Bea Billet prays at the Franciscan Monastery of the Holy Land in Washington Feb. 27, 2022, as a fire burns out after turning last year's Palm Sunday palms into ashes. The friars at the monastery resumed inviting the public to see the process of how ashes for Ash Wednesday are made, after a two-year hiatus of viewing the annual palm burning because of the pandemic. CNS photo/Rhina Guidos
Bea Billet prays at the Franciscan Monastery of the Holy Land in Washington Feb. 27, 2022, as a fire burns out after turning last year's Palm Sunday palms into ashes. The friars at the monastery resumed inviting the public to see the process of how ashes for Ash Wednesday are made, after a two-year hiatus of viewing the annual palm burning because of the pandemic. CNS photo/Rhina Guidos
" The question for us today is not so much, are we ready? But how ready do we plan to be? " Father Jim Gardiner Franciscan Friar of the Atonement

WASHINGTON • Among the world's supply shortage, add to it the palm frond.

Rules to contain the spread of the coronavirus limited the number of people attending Holy Week celebrations such as Palm Sunday around the world in 2020 and 2021. That meant fewer palms to burn to provide the ashes smudged on people's foreheads on Ash Wednesday, the beginning of Lent.

At the Franciscan Monastery of the Holy Land in Washington, which was closed to the public for Holy Week celebrations the past two years, friars invited the public to see the burning of fronds Feb. 27, which included fronds from 2019.

There were so many restrictions in place during the first two years of the pandemic that it was hard to tell when Ordinary Time ended and Lent began, Father Jim Gardiner, a Franciscan Friar of the Atonement, said in a homily prior to the burning of the palms.

"The one just seemed to morph into the other," he said. "This year it's a bit different."

With Catholics in most places in the U.S. returning to some semblance of a pre-pandemic Lent season, Father Gardiner offered some suggestions to "get us in the mood for Lent," to see the traditional practices of Lent – prayer, almsgiving and fasting – through a different prism.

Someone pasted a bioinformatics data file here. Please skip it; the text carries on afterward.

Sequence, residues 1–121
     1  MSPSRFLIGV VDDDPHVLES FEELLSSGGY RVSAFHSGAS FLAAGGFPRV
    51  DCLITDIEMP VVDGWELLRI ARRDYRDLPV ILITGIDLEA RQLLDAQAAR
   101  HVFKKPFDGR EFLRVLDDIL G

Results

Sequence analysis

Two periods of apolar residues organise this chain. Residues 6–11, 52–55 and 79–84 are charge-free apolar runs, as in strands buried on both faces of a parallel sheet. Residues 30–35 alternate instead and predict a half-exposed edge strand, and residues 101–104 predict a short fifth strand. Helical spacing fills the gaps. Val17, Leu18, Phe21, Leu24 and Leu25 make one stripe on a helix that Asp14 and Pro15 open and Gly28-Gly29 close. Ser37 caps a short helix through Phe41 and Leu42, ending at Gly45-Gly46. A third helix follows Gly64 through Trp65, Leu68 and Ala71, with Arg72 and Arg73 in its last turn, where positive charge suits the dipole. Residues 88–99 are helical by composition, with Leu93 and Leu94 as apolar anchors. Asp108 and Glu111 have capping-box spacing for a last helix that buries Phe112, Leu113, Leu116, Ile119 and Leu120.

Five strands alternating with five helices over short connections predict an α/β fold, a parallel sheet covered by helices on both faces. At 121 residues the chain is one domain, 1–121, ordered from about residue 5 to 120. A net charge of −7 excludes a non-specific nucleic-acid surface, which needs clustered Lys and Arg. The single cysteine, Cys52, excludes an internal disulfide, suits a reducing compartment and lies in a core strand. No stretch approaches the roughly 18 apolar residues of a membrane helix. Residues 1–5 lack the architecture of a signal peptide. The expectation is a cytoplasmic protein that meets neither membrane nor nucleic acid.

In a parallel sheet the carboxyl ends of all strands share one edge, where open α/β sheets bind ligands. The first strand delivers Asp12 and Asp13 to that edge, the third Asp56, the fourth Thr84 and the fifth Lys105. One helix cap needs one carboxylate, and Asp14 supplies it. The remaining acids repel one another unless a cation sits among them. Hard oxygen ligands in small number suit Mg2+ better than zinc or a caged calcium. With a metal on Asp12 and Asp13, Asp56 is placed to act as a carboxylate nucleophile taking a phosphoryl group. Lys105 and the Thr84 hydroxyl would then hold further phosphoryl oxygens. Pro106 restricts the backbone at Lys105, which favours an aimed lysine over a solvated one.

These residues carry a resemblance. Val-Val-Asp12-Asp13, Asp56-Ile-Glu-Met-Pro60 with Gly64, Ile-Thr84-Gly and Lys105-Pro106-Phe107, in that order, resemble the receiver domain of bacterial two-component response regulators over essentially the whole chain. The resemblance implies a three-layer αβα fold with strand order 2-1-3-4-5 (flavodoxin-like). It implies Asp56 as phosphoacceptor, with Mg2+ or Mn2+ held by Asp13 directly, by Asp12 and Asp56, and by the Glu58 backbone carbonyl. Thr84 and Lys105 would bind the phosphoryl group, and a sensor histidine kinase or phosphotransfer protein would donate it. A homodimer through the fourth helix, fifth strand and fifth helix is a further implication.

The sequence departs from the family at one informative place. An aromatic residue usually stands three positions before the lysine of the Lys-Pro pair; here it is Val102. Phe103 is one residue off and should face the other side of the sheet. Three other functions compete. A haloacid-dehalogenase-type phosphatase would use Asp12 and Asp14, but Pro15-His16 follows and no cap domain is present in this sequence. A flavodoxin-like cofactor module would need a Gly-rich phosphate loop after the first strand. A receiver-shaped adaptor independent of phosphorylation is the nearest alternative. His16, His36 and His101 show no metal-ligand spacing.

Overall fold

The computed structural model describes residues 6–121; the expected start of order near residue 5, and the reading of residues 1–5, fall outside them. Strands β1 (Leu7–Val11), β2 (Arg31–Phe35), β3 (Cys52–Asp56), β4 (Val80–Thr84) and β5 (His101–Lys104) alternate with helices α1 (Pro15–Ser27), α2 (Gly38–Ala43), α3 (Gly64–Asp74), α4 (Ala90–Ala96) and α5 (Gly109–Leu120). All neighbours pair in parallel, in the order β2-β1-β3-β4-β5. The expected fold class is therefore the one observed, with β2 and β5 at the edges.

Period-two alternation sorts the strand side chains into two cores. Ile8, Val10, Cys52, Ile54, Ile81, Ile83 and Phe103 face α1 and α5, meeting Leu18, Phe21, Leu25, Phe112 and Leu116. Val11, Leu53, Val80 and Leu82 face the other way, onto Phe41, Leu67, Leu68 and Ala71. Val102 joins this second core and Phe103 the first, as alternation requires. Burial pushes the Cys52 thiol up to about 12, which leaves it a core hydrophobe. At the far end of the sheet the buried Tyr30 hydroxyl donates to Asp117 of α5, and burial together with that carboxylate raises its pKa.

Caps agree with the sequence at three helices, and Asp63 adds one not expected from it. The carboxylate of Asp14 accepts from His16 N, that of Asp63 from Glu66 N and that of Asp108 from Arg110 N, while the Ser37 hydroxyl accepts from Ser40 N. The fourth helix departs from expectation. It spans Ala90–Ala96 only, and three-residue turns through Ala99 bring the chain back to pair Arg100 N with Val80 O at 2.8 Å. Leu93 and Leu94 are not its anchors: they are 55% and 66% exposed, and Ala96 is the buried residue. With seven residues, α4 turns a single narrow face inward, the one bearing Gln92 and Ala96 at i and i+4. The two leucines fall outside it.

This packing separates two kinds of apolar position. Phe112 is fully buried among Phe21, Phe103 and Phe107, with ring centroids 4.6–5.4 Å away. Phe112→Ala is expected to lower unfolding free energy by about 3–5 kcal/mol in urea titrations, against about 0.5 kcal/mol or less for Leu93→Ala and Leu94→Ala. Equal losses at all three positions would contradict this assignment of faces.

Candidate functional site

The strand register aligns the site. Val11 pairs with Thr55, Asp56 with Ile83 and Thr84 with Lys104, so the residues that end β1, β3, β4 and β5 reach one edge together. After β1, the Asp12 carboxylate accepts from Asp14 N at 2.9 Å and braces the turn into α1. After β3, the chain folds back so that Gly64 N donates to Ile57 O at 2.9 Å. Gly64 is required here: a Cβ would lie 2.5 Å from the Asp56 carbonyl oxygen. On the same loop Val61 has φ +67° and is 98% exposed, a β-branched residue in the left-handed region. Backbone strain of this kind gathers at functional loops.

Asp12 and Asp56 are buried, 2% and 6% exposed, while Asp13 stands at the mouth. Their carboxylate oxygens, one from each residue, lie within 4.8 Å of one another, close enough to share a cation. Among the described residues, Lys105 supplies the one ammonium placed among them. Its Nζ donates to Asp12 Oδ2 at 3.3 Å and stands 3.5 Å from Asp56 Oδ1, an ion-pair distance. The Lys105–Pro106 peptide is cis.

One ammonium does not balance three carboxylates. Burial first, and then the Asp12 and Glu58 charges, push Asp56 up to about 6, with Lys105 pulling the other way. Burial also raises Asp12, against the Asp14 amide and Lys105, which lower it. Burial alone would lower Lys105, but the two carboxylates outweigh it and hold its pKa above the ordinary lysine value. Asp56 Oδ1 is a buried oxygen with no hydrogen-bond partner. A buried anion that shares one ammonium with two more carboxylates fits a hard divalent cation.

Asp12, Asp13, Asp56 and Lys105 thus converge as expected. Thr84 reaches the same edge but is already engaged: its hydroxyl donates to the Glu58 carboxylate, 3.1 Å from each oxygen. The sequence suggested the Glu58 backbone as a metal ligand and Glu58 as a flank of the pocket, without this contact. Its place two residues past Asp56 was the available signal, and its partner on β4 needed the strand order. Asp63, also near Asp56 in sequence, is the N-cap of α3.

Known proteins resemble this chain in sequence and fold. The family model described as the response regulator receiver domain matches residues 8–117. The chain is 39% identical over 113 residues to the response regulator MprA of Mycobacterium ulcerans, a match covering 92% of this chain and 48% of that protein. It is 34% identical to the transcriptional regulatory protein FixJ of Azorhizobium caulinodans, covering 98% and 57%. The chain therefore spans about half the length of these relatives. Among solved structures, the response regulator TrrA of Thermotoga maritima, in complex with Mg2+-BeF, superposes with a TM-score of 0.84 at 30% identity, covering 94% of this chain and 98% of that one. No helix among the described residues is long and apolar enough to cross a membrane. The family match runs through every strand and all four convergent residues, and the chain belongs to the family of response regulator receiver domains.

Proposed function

"For prayer, try the equivalent of quiet sitting," he said. "Sit comfortably, turn off or tune out all but unavoidable distractions and simply listen for three to five minutes. If you feel the need for a word or two, say 'Speak, oh Lord, your servant is listening.'"

When it comes to fasting, traditionally associated with food, "give up gossip or frivolous conversation or the use of a word you're not proud of, or refrain from talking down to others or talking bad about others," he said.

And when it comes to almsgiving, "don't hold back on material offerings," he said, but also give people your time and compassion, such as "telephone time to a shut-in or making that call even though you know full well that it's the other person who should be calling you first."

Returning to customs and practices may take some getting used to again, but "it's time to get ourselves in the mood for Lent," he said. "The kind of Lent that results in observable and detectable and, more or less, permanent change for the better. The question for us today is not so much, are we ready? But how ready do we plan to be?"